Stewart’s Creek Elementary’s Week of Code
Students in multi-age classrooms learn with new technology
May 22, 2019 — Ozobots, Botleys and Codepillars, oh my! Stewarts Creek Elementary (SCE) students recently had first-hand coding and problem-solving experience with new technologies at this year’s Coding Camp. The campus rotates students throughout one week, making sure everyone has a chance to practice coding in group-settings and on their own.
With last year’s camp being such a success with Kindergarten and first grade, the SCE Multiage Classrooms branched out and made this week of coding an opportunity for even more students.
“We added on our 1-2 Multiage class and we also collaborated with 3 different staff members than we did the year before,” SCE K-1 Multiage teacher Dina Estes said.
Inside and out of camping tents, students used some of the latest and greatest in technology learning. Botley, a coding bot, is coded via remote control and challenges students to think about the multiple steps it will take to accomplish a goal. Ozobots, tinier round robots, follow along pathways students draw. Certain colors students use instruct the robot to spin, u-turn and do different actions. The SCE Bee-bots have new mats this year and allow students to think critically with the Bee-bot in unique scenarios. For the youngest learners, Code-a-Pillars are an introduction to simple coding.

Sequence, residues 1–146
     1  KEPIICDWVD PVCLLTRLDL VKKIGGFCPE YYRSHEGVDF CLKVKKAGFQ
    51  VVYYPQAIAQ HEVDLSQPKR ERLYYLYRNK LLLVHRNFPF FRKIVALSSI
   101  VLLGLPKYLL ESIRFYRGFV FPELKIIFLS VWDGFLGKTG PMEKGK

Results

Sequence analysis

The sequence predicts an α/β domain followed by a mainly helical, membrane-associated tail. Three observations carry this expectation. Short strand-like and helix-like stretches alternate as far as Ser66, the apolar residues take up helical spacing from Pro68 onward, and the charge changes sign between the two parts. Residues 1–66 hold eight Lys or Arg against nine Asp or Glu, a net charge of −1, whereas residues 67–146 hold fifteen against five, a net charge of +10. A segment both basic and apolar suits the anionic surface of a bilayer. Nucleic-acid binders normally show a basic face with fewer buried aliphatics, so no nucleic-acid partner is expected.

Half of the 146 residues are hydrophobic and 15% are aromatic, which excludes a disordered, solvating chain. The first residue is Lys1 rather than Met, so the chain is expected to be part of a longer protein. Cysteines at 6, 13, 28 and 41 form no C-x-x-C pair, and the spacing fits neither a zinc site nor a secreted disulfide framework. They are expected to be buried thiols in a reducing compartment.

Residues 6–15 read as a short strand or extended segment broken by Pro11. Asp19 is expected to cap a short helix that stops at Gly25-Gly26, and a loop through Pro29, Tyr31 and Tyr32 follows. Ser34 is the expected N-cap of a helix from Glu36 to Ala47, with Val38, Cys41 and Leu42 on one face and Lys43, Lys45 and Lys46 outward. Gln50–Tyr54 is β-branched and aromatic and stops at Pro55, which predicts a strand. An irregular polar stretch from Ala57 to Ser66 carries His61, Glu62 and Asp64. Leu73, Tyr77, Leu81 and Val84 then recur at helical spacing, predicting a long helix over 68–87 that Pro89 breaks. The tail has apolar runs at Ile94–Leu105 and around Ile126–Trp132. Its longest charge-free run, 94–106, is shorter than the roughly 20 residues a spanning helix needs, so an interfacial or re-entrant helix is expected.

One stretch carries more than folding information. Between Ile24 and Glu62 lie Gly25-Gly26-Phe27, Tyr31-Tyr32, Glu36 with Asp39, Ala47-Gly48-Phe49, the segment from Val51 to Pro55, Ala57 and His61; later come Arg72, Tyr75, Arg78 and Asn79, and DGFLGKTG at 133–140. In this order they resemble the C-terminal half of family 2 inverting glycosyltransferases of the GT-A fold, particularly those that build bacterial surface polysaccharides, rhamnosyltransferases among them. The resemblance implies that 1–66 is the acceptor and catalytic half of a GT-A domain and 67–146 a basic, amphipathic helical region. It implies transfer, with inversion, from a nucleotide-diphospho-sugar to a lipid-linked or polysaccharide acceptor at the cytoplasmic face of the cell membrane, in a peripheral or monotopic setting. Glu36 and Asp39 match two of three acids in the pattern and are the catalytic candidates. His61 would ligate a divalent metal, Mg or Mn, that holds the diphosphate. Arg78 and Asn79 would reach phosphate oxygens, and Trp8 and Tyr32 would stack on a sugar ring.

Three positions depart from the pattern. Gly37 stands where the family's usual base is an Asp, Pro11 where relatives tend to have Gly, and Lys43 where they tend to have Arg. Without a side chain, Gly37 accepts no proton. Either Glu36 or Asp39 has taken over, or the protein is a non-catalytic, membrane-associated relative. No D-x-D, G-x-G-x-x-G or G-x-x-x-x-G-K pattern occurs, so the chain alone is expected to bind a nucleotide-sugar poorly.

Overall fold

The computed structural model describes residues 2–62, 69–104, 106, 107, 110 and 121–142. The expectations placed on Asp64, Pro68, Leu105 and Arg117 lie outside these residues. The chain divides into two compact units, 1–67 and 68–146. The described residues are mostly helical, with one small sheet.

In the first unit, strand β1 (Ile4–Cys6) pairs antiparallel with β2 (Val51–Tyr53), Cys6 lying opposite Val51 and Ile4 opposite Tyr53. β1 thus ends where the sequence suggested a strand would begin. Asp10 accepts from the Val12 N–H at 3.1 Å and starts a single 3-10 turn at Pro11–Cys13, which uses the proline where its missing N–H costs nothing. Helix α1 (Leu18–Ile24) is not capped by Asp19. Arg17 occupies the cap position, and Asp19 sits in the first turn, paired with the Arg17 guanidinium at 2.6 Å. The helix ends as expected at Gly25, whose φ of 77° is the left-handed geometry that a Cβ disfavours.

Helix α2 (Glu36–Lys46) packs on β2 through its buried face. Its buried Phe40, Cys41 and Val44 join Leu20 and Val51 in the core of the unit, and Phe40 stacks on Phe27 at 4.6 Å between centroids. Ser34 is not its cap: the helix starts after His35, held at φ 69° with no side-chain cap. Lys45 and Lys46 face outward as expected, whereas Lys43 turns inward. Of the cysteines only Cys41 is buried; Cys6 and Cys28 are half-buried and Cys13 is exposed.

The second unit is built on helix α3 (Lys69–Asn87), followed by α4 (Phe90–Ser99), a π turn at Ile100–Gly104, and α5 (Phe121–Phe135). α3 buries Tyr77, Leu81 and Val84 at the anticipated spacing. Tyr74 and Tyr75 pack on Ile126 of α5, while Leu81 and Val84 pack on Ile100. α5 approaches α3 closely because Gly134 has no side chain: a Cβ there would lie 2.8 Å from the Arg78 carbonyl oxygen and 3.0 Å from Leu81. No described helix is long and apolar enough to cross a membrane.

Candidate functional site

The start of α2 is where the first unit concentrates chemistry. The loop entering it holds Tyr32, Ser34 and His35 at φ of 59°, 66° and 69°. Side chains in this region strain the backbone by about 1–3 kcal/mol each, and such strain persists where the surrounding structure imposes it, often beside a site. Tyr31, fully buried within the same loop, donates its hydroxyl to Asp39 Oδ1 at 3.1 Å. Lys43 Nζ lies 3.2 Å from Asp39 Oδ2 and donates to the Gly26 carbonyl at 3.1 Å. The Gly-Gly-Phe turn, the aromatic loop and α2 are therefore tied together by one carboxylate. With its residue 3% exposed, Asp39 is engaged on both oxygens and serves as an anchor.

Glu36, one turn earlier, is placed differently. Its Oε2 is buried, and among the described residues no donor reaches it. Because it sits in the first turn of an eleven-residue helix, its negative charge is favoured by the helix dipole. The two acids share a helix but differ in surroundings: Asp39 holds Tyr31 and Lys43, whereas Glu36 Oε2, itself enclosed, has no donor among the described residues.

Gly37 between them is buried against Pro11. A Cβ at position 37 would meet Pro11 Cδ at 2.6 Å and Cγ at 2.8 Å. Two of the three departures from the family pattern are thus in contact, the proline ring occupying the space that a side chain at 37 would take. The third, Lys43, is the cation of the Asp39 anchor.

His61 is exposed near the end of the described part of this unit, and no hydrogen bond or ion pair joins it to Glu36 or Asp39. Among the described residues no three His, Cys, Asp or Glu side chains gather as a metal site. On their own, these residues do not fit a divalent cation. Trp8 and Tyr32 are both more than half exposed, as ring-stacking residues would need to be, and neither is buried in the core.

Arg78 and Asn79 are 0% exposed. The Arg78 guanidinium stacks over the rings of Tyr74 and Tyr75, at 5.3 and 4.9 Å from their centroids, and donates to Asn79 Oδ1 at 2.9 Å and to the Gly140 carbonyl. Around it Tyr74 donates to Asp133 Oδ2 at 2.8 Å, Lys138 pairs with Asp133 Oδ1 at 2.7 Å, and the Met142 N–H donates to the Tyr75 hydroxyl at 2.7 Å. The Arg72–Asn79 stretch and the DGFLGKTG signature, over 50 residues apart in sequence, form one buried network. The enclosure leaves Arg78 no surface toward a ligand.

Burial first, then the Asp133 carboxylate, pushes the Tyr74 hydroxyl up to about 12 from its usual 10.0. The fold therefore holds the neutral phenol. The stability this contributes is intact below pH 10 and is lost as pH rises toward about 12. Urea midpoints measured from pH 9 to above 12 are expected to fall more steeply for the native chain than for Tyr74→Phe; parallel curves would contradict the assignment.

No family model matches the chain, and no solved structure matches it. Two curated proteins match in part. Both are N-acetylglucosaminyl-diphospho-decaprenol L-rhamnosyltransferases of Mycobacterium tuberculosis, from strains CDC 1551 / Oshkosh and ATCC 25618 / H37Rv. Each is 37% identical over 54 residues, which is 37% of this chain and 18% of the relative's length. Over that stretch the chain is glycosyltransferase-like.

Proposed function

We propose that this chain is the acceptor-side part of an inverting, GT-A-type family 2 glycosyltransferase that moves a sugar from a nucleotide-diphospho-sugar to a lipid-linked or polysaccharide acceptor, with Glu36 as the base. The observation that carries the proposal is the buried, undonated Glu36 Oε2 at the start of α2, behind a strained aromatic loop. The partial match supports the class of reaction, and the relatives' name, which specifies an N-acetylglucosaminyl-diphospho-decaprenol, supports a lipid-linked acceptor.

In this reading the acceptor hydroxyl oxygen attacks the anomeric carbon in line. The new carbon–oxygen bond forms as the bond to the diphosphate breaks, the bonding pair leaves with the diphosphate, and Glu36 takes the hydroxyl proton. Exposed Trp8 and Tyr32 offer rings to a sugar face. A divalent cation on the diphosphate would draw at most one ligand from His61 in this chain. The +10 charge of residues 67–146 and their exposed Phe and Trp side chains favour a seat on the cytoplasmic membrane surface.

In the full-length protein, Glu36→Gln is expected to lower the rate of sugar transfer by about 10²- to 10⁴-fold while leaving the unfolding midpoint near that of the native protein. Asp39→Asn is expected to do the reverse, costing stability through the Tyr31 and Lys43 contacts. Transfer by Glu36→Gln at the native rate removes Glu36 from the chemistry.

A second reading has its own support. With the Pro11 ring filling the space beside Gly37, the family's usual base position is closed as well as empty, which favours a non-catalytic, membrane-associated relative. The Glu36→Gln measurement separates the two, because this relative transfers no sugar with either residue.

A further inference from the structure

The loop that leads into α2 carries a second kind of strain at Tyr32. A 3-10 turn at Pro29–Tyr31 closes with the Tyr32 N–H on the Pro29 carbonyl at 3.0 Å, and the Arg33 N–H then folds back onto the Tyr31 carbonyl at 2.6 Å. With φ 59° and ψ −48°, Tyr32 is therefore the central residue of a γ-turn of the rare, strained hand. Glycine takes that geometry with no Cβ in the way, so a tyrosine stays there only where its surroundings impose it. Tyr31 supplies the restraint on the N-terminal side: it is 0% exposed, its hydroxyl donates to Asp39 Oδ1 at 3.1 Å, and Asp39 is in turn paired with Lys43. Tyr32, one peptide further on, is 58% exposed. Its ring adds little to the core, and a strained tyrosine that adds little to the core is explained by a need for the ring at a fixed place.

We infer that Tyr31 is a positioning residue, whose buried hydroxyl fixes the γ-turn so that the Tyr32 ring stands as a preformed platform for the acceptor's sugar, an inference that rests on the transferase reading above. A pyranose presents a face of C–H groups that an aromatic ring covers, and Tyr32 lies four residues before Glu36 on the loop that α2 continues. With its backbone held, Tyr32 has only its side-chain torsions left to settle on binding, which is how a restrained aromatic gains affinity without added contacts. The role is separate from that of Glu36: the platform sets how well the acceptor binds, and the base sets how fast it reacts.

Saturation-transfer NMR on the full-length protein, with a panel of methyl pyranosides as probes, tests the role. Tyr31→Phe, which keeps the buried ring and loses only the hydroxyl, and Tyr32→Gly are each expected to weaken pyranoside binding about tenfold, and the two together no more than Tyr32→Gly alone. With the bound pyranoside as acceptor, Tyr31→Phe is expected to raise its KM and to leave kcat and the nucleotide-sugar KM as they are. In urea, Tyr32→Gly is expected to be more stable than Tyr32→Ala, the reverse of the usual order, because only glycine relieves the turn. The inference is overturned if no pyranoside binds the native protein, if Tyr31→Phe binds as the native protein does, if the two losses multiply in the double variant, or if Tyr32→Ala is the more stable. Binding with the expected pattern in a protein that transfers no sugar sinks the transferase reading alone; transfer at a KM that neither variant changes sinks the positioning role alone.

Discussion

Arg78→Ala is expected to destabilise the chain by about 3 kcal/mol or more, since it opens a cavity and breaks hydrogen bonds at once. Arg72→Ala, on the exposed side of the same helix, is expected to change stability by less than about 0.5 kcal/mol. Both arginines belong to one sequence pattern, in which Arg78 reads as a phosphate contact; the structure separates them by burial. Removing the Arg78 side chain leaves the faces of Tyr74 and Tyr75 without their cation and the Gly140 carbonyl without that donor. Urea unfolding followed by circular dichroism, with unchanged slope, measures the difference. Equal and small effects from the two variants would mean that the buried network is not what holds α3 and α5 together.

Generous grants from the Lewisville ISD Education Foundation (LEF) allow these special coding tools to be placed in the hands of students. This year’s LEF Grants were entitled “Collaborative Coding for the Future” for Estes, provided by Stantec and the LISD Employee Giving, and “Camping Technology Style” for K-1 Multiage teacher Kerry Woods, provided by the Morris and Jenny Seay Classroom Development Grant.
“The new tool additions gave students a broader experience with coding,” Woods said. “There was a variety of types of coding and the new technology allowed for even more differentiation and lower student-to-technology device ratio.”
Teachers enjoyed seeing the group collaborations, problem-solving and students overcoming challenges as the groups rotated from one area to the next.
“It was really engaging for all students,” 2-3 Multiage teacher Brooke Plummer said. “I observed a lot of higher-level thinking happening with the Osmos.”
Students took the week seriously and enjoyed every moment of the different coding opportunities.
“This year we had new stuff. It was awesome,” first-grader Malai Sanders said.
“It was my first year doing coding camp. It was really fun. I loved the Osmos,” first-grader Ayden Jones said.
For some, it may have even sparked a future career path.
“I liked having the big mat of paper where we collaborated to do the Ozobots,” first-grader Isabella Wong said. “It made me want to be a programmer.”
While inspiring possible future careers is a bonus, teachers hope to bring the basic knowledge and foundation of coding, making coding language familiar and building high-level thinking skills to all their students.
With student learning like this, students are sure to accomplish those future-ready goals.